and some of me friends’ tunes
Julian Goodacre


This is more than just a tune book! Julian should need no introduction to readers of this Journal as a musician, pipemaker, philosopher and man about town. As someone who received a school report which stated that I should learn to speak properly and for example use the word ‘my’ not ‘me’, I was immediately taken by the use of the word ‘me’ in the title to this tune book. Upon opening the pages it becomes immediately apparent that this is no ordinary tune book but charts Julian’s personal life, musical journey and musings on the creative process. As Julian admits, he is musically illiterate and has recorded his tunes in various ways for them to be transcribed by Pete Stewart, who deserves any amount of praise for not only doing this but compiling, editing and designing the finished book.
Altogether the book contains 236 tunes composed, or as he admits in some cases maybe thought he composed, along with an additional 56 tunes composed by friends and dedicated to him. The tunes themselves are generally playable on most instruments, in a variety of styles, many suitable for specific dances, in friendly keys and fit within the range of most bagpipes. What interests me are the stories attached to the tunes, the friendships, the events, the humour and the punning titles (Buttered Pete’s) that all make this a fascinating collection of music. There is so much to read that in some cases the tunes become incidental. As a reviewer I must confess to not having played all the tunes. However, those tunes I have tried sit well beneath the fingers and it is a collection which will always reward dipping into. The only criticism that I have is that some of the stave lines in the music are a bit indistinct but perhaps that is me ageing eyes!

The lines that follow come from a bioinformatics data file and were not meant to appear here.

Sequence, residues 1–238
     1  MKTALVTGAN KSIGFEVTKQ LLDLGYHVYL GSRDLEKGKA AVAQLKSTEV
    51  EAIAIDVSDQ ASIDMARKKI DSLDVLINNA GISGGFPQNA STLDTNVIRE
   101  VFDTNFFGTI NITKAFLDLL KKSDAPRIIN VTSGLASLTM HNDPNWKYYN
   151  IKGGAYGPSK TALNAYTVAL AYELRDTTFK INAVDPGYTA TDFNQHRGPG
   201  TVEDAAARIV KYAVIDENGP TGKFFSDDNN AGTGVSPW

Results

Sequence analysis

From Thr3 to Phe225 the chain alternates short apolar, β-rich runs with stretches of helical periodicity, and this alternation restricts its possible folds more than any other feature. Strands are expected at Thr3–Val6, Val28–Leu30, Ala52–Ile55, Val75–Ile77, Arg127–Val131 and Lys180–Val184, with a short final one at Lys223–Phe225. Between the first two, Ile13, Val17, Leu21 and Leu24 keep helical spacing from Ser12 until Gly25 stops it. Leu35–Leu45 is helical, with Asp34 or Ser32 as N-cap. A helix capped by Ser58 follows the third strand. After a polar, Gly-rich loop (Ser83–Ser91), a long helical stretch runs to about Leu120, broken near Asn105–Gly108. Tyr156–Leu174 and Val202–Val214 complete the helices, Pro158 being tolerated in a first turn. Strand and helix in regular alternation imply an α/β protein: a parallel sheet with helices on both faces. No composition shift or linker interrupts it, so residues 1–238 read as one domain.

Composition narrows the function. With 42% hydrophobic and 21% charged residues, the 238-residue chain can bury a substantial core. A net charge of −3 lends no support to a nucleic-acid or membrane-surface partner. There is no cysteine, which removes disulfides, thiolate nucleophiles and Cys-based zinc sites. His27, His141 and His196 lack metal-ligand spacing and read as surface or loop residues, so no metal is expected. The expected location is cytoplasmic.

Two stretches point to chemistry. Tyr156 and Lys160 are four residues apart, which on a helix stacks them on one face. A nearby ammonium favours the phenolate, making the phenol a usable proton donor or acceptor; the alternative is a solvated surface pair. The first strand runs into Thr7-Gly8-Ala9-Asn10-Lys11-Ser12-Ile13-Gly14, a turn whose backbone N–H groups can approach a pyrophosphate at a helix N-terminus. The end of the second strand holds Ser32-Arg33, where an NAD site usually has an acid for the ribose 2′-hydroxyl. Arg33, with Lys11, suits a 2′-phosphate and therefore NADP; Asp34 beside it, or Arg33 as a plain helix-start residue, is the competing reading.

The autobiographical sections are particularly illuminating – Julian’s family & partners, his time at Lauriston Hall, making tin whistles in Africa and various travels before becoming a pipemaker. In the introduction we learn of how tunes often appear to him fully formed, philosophising on the creative process, the approach to playing tunes and how to deal with the ‘Inner Critic’ which tries to undermine confidence in the tune that has been created,
It is invidious to only highlight some parts of the book, but I was particularly tickled by a set of tunes which make up the Trouser Quartet. Then there are the stories about the tradition of pipers’ ribbons, the wedding shoes and the Chrystal Theatre which his grandparents, in the early 20th century, created a puppet theatre with fully scripted performances that has survived to the present day. All this and more. It’s also educational – you can learn all about the techniques of painting by the Old Masters as revealed by David Hockney and why there were depictions of so many left-handed musicians.
Catchy tunes and so much interesting reading make this one of the most enjoyable books that has come my way. It should be of interest to musicians and non-musicians alike. A veritable tour de force of autobiography, education and humour with music. I can’t recommend it highly enough. This collection of music only includes compositions up to 2017 so unless Julian has been going through a particularly creative spell we may have to wait a year or two for the next volume. We also need to be told the story of the owl, which was left hanging on page 80!

Graham Dixon, Pathhead 10.10.19

Available from : Julian Goodacre, 4 Elcho Street, Peebles, Scotland, EH45 8LQ